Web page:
By the time our oldest son, David, was 18 months old, I knew he wouldn't make it in a regular classroom environment. He scared me! He had an insatiable curiosity and a photographic memory coupled with an extremely strong-willed personality. He learned his alphabet and numbers before he was two years old and taught himself to read at age three, even though he was so active it was hard for him to sit still for more than thirty seconds. I went back to college to finish my teaching degree so I could open a private school, but my husband lost his job and we had to move. I never did finish that degree.
|David age 18 months|
This was 1984 and I had never heard of homeschooling. Providentially a friend took me to a Gregg Harris convention in Austin. Wow! I was hooked! We began with "preschool" in 1986 while I worked on a homemade kindergarten program, which we started in August 1987 (we couldn’t afford curriculum at that time, and David didn’t need more than thirty minutes each day of “formal instruction” anyway). He and I went to the library once a week and loaded up on books. I made math manipulatives out of whatever was handy. We made craft items almost daily to help with fine motor skills and to use for gift-giving on our extremely limited budget. And beginning that year we invited other homeschoolers to a weekly music class in our tiny living room.
In 1987 the Leeper case was not yet finalized, so it was still a scary time to be a homeschooler, especially in Waco, where the local superintendent was actively looking for homeschoolers to charge with truancy. Although we joined the small local group, we all kept a low profile during school hours. We met twice a month, for park day and roller skating. Several of us participated in homeschool rallies at the Capitol and became involved in local politics, facing belligerent older people at the precinct and county conventions when we introduced our resolutions on homeschooling to be added to the party platform. We did what we could to “educate” the skeptics, but most of the time it seemed an uphill battle.
One incident stands out from that time during the Presidential elections of 1988. I took David with me to vote that Tuesday in November. The election clerk at the desk frowned when he saw this just-turned-six-year-old roaming around during school hours.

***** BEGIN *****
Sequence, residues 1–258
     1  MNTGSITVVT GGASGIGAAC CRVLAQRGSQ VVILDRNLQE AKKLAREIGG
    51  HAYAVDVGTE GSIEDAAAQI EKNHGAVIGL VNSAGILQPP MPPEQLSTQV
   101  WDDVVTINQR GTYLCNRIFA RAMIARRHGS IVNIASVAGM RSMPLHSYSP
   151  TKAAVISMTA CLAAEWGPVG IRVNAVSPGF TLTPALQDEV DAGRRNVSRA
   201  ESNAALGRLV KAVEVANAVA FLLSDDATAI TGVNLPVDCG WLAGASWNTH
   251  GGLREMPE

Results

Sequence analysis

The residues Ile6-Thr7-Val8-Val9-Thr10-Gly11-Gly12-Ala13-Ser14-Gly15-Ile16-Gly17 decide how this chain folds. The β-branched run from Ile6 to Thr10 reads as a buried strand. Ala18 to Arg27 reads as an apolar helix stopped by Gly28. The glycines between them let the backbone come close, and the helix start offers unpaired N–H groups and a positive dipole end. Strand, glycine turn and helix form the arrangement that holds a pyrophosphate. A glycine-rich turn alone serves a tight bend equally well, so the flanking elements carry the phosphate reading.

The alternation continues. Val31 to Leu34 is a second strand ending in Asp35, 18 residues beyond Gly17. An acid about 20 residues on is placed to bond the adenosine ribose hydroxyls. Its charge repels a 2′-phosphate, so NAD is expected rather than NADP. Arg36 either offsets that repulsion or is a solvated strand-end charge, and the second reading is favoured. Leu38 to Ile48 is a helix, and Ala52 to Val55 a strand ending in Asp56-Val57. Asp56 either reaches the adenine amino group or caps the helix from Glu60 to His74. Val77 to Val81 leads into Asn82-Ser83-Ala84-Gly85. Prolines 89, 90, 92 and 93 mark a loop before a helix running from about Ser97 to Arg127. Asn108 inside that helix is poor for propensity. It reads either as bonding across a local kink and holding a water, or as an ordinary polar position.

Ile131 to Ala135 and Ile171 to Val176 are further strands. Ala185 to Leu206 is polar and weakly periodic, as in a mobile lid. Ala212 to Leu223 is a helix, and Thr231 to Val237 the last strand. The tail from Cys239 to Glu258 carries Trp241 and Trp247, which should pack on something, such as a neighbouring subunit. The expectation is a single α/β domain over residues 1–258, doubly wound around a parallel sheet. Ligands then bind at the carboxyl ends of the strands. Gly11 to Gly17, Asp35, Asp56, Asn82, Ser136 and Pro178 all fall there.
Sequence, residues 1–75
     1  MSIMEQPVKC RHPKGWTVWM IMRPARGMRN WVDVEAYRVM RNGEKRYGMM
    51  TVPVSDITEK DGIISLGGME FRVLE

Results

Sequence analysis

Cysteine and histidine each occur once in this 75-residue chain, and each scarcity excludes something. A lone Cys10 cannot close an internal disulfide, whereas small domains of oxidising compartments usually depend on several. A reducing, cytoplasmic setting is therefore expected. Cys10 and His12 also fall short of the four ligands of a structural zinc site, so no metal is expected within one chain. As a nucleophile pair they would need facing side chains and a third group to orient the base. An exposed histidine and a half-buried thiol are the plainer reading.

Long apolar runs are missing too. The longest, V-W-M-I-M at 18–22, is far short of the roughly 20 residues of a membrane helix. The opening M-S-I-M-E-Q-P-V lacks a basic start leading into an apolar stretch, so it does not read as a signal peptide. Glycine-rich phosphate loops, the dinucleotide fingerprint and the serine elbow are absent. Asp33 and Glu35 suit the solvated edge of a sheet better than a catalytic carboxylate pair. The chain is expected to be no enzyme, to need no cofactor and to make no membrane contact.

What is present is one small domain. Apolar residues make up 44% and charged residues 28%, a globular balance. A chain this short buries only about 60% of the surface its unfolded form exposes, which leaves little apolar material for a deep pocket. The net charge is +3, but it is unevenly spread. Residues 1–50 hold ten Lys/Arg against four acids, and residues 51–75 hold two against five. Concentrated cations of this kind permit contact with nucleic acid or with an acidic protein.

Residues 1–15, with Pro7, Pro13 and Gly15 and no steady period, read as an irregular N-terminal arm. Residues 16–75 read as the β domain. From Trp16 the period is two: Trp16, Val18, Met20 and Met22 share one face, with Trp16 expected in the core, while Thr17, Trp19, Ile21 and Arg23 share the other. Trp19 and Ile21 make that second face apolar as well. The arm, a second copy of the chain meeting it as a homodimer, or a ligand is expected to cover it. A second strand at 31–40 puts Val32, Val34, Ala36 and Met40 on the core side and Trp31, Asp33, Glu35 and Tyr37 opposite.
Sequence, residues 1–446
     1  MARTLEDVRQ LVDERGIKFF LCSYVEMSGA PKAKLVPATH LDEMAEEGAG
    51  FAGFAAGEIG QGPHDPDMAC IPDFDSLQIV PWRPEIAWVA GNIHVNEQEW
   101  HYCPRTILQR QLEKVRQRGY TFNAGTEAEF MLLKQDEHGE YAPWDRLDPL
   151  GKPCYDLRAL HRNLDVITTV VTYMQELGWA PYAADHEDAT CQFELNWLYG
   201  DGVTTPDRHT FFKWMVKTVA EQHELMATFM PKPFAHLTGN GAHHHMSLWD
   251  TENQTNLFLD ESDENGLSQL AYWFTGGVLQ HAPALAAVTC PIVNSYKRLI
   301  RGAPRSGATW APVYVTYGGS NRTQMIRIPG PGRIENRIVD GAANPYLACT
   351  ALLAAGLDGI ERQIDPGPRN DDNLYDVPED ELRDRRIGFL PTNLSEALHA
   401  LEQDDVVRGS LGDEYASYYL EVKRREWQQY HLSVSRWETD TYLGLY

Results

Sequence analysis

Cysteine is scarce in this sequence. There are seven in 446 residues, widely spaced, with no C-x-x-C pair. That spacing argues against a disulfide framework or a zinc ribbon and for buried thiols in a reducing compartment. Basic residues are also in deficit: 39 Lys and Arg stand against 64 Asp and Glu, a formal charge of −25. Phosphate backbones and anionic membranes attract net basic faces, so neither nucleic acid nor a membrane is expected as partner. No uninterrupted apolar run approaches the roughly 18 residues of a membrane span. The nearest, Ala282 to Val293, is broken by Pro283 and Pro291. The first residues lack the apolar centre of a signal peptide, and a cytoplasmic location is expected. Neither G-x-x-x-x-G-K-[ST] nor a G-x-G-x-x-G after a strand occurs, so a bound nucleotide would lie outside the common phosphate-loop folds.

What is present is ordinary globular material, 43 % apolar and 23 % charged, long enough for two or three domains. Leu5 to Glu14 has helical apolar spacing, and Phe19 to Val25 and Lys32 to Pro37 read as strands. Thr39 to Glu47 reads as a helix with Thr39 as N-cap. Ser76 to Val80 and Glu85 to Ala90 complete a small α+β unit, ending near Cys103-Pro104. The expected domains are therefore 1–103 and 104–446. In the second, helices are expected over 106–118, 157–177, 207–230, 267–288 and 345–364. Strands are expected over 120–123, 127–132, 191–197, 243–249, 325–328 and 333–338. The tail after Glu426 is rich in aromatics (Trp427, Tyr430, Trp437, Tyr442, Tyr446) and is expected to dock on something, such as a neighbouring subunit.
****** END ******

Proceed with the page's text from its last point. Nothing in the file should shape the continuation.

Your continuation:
“Why aren’t you in school?” he asked.
“I have school at home,” David answered.
“Hmph,” said the man. He pointed to the word “READ” on the sign in front of him. “What does that say?”
David did not know he was being “tested.” He glanced at the sign and read the whole thing: “Please read through your entire ballot before you begin marking.”
The man’s eyes nearly popped out of his head. “That’s a fine boy you have there.”
That was the same fall we began using ABeka. I had saved during our first year so I could buy “real” school books for David’s first grade year. He read through the social studies and science books the first week and said, “Is this all?” Until he was in high school we only bought math and language books and I made unit studies for the other subjects. That was so much fun! I wish I’d had the “nerve” to keep going with unit studies even through high school, but since those grades “counted” for college, I thought we had to use “real books.” Big mistake! David used to love history and science until he had to use boring textbooks.
From the beginning I had to "gird up the loins of my mind" and stand by my convictions to teach David against the opposition of nearly everyone around me: parents, in-laws, church members, friends, neighbors, total strangers. I felt like I was constantly defending homeschooling, even to my husband, who wasn't fully convinced but "humored me."
The certified teachers said I wasn't "qualified" to teach my son. A special ed teacher said my son needed "help" because he was obviously ADHD. Well-meaning church members said he would be socially inept and educationally deprived because of all the "gaps" in our learning and all the "experiences" he would miss. Our parents were aghast and convinced that I'd ruin their oldest grandchild for life.
I felt like a salmon swimming upstream but I was so SURE I needed to homeschool this boy in order to keep his spirit pure, his active mind challenged, provide outlets for his creativity, and to keep him from being in constant trouble because it was physically impossible for him to sit still for long periods of time (and I refused to put him on Ritalin).
|David age 8 reading to his baby brother Robert|
Our impatient society demands instant results; we just have to persevere, pray without ceasing, and let the results speak for themselves. David graduated from homeschool, went on to college and earned not one but two bachelor's degrees. He is now a well-adjusted, happily married, productive member of society, and he and his lovely wife have been blessed with our first grandchild. Robert overcame learning challenges, graduated cum laude last December and is currently working on his master's degree. He too has a lovely wife. I believe both my sons would have turned out quite differently had they gone through the public/government school program.
In making the decision to homeschool, if the decision is a commitment (not unlike marriage), then God will grant us the strength we need to make it through the tough times that are bound to come, either from "outside" criticism or from challenges faced as families learn and grow together. Homeschooling is not just for the children, after all. I still can’t believe all the things it has given me the courage to do, including the homeschool band I started from scratch and taught for sixteen years.
I will never regret our homeschooling years. My only regret is that I wasn’t able to have more children so I wouldn’t have to end this wonderful roller coaster ride. May your journey be as blessed.